Exercising causes internal activity in your body and muscles, and that can lead to soreness or pain. According to the National Institutes of Health, workout-related pain comes in three basic forms: pain during the exercise, delayed onset muscle soreness and pain associated with muscle cramps.
Discomfort that comes from cramps and pain during your workout aren’t abnormal, but too much pain can be an indication that you’re not performing movements correctly or are overextending yourself. Working with a qualified trainer or fitness instructor to develop and ramp up an appropriate exercise routine can help you avoid unnecessary pain of these types.
Delayed onset muscle soreness, however, is something anyone — of any fitness level — can experience. Sometimes, that pain is just a sign that you’re building muscle.
Delayed onset muscle soreness, or DOMS, typically occurs within 48 hours after a workout that challenges your muscles, pushing them slightly beyond their current “comfort” level.
When you engage in exercise that goes beyond what your muscles are conditioned to perform regularly, slight tears occur in those muscles. It’s called microtrauma, and it’s actually a good thing. In repairing those small tears, your muscles build themselves up and become stronger. In the meantime, though, you deal with DOMS, which can last from one to five days depending on how hard you pushed those muscles during the workout.
The pain comes from a combination of things, including muscle damage, inflammation and even potential acid buildup (through a belief that post-workout pain is due largely to lactic acid buildup has been examined and rejected in a number of studies).
Note that DOMS is not the same thing as an actual muscle injury or large tear, which may require professional treatment. DOMS is usually felt as a dull ache or stiffness, and you may feel it more when you move that particular muscle group.
For example, if you engage in a challenging squat routine, you might feel discomfort in your legs when you sit down later. Other types of pain, such as shooting, stabbing, burning or pulsing sensations, could indicate a different type of issue. It’s a good idea to bring them up to your trainer or healthcare provider if they are persistent.
Because DOMS is associated with building new muscles and increasing your physical fitness capability, you might always experience it after challenging exercise.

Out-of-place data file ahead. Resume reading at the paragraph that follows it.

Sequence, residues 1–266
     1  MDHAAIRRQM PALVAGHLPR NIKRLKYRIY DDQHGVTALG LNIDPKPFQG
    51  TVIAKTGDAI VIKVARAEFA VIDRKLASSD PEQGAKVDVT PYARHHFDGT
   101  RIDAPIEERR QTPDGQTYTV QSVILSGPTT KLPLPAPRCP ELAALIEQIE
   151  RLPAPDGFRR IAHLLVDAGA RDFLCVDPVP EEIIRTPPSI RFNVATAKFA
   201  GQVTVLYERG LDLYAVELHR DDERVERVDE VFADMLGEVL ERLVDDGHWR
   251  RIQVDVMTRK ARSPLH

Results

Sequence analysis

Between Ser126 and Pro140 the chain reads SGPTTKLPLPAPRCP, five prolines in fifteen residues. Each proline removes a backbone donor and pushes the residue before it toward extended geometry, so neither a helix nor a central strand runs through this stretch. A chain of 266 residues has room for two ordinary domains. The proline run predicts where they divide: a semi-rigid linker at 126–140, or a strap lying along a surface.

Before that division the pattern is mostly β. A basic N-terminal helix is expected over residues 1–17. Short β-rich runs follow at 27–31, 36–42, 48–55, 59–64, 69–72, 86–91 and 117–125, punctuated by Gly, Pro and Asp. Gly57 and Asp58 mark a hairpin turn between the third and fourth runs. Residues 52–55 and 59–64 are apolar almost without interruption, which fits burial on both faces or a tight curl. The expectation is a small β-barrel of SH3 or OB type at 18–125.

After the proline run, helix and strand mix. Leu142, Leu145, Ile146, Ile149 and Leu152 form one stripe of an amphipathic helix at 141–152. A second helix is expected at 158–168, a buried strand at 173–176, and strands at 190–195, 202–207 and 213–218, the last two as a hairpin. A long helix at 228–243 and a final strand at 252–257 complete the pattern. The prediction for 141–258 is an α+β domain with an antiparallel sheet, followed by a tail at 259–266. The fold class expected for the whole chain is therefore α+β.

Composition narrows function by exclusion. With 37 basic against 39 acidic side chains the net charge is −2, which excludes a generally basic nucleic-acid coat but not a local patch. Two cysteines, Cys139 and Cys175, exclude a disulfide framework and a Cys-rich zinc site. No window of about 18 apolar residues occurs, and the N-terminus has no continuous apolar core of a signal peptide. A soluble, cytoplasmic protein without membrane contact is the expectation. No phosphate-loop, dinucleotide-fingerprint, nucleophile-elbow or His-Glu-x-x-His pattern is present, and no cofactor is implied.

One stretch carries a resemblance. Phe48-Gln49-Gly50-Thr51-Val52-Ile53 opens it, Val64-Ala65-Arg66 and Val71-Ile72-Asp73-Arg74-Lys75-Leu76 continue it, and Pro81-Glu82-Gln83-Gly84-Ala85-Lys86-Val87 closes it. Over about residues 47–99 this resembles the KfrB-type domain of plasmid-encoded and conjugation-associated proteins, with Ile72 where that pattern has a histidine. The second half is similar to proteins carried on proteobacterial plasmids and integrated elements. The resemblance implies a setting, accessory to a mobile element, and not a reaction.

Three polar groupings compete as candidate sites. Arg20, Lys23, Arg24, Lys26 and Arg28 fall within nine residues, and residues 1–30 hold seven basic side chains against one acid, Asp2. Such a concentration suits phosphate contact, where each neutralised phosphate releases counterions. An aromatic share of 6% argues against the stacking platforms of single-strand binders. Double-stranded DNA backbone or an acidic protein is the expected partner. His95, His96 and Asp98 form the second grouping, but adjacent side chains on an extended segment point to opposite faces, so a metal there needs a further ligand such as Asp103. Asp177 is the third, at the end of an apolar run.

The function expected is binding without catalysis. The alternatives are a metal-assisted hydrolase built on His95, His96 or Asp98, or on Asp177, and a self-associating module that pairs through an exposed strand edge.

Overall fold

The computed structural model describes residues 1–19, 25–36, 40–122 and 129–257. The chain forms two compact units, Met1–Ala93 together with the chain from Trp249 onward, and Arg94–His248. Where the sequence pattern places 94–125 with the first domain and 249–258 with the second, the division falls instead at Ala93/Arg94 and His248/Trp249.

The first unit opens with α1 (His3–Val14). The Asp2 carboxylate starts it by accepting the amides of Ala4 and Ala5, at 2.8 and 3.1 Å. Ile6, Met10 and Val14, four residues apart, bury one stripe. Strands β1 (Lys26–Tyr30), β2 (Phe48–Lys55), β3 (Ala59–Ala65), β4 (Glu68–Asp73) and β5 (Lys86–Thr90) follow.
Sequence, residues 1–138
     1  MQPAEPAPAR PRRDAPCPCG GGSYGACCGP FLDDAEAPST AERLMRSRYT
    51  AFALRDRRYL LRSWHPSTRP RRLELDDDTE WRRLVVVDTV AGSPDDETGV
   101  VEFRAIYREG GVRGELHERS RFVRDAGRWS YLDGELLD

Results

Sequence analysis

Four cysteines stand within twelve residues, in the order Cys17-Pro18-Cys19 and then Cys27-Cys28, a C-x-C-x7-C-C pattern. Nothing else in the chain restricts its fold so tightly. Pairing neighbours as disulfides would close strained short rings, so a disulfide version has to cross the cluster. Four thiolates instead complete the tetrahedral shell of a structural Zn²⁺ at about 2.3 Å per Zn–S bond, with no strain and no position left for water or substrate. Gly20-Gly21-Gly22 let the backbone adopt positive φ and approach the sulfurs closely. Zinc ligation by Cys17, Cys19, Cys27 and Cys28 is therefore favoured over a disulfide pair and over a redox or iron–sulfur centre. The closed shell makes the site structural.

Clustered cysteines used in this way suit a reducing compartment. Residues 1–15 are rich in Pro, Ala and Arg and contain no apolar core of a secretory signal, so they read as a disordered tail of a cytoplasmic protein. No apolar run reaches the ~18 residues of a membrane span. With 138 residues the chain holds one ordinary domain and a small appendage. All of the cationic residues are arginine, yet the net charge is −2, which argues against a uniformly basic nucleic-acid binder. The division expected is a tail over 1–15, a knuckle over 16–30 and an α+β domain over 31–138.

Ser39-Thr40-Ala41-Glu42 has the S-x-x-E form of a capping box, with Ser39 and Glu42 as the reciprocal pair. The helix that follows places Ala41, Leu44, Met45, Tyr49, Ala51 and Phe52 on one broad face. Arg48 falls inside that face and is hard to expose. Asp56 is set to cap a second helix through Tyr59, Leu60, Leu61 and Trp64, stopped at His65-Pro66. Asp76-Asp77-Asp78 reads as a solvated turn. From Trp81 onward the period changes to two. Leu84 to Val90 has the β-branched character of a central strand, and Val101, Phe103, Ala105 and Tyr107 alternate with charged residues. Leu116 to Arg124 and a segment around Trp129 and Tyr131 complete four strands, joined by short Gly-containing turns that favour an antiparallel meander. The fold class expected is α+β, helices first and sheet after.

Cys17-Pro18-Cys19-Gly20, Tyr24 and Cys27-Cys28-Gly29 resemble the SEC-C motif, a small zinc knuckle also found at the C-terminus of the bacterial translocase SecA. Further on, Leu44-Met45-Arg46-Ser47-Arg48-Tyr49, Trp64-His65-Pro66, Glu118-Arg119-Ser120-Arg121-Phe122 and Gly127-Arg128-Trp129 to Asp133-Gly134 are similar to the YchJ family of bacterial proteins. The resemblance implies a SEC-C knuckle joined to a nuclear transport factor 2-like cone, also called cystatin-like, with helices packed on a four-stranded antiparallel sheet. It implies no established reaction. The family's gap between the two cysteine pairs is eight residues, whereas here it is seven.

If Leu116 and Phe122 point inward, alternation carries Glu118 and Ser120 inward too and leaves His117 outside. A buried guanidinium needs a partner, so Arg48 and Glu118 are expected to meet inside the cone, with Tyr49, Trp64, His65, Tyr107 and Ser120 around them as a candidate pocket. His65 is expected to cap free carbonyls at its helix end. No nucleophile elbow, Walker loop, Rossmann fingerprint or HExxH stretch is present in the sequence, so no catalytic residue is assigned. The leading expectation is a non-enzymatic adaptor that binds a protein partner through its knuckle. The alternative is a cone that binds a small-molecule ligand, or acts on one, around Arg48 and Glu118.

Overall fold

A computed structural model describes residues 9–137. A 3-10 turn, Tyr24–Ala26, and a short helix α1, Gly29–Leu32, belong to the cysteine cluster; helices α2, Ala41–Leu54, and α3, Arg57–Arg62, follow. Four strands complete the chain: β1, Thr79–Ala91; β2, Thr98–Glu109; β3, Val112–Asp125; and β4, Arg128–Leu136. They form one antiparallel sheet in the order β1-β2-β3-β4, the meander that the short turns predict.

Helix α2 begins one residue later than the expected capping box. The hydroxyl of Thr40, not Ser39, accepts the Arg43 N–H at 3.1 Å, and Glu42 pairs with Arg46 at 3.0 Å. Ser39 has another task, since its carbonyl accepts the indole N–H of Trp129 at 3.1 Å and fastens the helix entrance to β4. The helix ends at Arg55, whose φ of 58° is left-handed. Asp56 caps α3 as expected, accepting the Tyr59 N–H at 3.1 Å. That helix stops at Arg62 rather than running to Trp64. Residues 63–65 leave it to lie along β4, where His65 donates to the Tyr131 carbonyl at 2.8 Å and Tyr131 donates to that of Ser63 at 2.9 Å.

Even someone that works out regularly and is in fantastic shape can have muscle soreness, especially if they are increasing the intensity of their exercise.
According to fitness coach Will Levy, DOMS can hit within six to eight hours of exercise, though the discomfort level usually peaks around 48-hours post workout. Without any intervention or repeat exercise, DOMS usually goes away in five or less days.
If you’re seeking an improved fitness level, you’re not going to stop working out altogether, so you should expect to experience DOMs at least occasionally. You don’t have to suffer through the discomfort without acting to remediate it, though.
Here are some common and proven methods for reducing or treating post-workout muscle soreness.
You can also take an over-the-counter pain medication if DOMS is impacting your ability to function normally. Ibuprofen or other nonsteroidal anti-inflammatory drugs (NSAIDs) do reduce pain associated with muscle inflammation.
You probably don’t want to rely on these medications long-term, as there’s still some question about whether they delay natural muscle healing processes.
Stretching before, during and after exercise is often touted as a way to reduce future DOMS, but studies examined by The George Institute for Global Health found no indication that stretching reduced this type of muscle pain. Stretching is still important, though, because it does help prevent real injury during workouts.
Delayed onset muscle soreness isn’t something you’re going to avoid fully if you workout regularly. Know that it’s normal and that you can typically manage it with simple home therapies.